The Sabbath is important. It is supposed to begin on Friday evening and run until Saturday evening. This is the day (the night and day) that God set aside to rest and he declared it Holy.

    Sunday is also important because it is the day the world began. A day of work when God got started on everything we know. And it is a weekly remembrance of the Resurrection.
    I try to rest on the Sabbath as I believe we are meant to. I’m not always successful, but I try. I have not abstained from internet activities however, and this will be something to consider and think about this week. Thank you!

    On Sunday I recognize the importance of the day by purposely and directly serving the Lord, not always in a restful way. This might be going to Church, charity work, Bible study, discussion with my Family about God, and so on.
    In this way I am able to reconcile what I was taught growing up and what I have learned as an adult.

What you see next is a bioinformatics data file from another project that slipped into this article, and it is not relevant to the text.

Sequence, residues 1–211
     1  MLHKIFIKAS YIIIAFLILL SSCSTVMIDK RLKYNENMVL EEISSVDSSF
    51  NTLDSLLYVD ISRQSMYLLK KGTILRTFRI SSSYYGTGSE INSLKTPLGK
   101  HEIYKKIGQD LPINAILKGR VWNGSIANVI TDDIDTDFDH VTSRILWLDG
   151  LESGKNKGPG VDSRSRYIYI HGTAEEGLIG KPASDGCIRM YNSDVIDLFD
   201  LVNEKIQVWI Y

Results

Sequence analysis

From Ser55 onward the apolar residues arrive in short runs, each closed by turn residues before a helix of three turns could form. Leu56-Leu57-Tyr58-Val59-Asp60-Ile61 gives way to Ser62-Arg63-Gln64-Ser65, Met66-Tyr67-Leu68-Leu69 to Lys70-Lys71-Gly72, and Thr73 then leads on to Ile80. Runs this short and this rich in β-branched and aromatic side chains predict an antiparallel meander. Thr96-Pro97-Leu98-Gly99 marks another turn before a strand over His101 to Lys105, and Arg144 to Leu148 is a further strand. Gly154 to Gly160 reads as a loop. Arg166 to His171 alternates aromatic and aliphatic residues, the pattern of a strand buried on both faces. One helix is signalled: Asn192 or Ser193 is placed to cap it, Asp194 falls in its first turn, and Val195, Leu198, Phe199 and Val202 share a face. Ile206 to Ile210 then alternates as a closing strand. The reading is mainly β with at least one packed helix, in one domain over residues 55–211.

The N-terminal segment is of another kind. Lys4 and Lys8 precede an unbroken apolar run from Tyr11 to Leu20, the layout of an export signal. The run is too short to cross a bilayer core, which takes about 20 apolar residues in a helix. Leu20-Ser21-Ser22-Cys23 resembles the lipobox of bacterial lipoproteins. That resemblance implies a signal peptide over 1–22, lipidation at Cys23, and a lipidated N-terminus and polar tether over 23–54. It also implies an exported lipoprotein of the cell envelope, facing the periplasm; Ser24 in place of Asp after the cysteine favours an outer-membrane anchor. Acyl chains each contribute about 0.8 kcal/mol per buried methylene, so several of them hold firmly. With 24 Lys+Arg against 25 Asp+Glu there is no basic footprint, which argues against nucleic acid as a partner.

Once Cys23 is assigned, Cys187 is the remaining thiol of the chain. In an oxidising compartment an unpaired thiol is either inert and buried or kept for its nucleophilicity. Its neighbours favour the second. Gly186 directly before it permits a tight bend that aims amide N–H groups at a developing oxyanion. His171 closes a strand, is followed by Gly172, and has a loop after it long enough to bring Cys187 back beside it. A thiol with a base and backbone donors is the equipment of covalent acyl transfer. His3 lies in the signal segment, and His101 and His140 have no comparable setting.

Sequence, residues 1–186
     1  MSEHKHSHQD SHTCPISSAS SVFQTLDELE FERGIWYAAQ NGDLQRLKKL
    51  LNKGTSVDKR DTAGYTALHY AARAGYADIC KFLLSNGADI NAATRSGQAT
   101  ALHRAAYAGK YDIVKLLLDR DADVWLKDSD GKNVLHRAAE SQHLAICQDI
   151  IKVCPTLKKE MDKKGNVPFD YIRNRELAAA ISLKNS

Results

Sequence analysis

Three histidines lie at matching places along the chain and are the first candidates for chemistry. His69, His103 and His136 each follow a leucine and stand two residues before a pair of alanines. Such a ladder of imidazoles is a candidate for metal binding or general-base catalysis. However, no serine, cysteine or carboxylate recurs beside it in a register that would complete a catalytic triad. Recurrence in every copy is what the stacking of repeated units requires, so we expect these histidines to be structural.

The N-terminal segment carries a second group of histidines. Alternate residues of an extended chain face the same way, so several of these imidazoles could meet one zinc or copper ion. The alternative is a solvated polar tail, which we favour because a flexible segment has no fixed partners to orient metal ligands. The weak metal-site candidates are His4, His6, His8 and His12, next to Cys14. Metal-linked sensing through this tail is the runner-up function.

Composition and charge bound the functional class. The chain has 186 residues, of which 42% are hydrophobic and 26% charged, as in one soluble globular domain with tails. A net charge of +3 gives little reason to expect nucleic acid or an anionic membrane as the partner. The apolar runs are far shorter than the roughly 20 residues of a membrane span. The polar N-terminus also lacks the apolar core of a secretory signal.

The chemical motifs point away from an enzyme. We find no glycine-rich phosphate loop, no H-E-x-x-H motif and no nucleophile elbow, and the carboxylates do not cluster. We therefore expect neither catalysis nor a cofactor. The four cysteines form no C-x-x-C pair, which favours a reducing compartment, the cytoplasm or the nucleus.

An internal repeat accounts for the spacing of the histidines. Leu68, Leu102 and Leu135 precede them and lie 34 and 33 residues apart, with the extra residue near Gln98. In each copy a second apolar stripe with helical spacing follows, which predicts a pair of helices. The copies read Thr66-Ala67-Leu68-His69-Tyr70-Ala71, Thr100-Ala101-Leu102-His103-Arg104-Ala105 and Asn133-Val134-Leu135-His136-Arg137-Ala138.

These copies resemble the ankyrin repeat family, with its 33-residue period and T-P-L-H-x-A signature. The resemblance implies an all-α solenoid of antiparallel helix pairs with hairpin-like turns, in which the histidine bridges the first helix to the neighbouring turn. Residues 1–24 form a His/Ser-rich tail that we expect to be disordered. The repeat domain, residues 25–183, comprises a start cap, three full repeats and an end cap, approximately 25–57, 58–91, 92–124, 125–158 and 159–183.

Thanks again for the post. Definitely something to think about.

  13. 17
    vanessa says:

    I have been keeping the Sabbath for almost ten years now… some Sabbaths are better than others but either way its a big part of my week. After much study, I believe Sabbath is from Friday sundown to Saturday sundown. I view Sabbath as a gift from God. Like any gift I receive, I get to choose how I use/spend the gift… I choose to honor the Lord and follow what the Bible teaches about the Sabbath but often (like all sinners) I fall short of that goal (which is ok)! Sabbath for me, is a time to take a break from the cares of this world and spend time with our Creator and loved ones… God knew we would need a day to chill with Him and for that I am grateful. Thanks for writing about the Sabbath; its a gift too many Christians miss out on! <3

  14. 18
    vanessa says:

    I have been keeping the Sabbath for almost ten years now… some Sabbaths are better than others but either way its a big part of my week. After much study, I believe Sabbath is from Friday sundown to Saturday sundown. I view Sabbath as a gift from God. Like any gift I receive, I get to choose how I use/spend the gift… I choose to honor the Lord and follow what the Bible teaches about the Sabbath but often (like all sinners) I fall short of that goal (which is ok)! Sabbath for me, is a time to take a break from the cares of this world and spend time with our Creator and loved ones… God knew we would need a day to chill with Him and for that I am grateful. Thanks for writing about the Sabbath; its a gift too many Christians miss out on!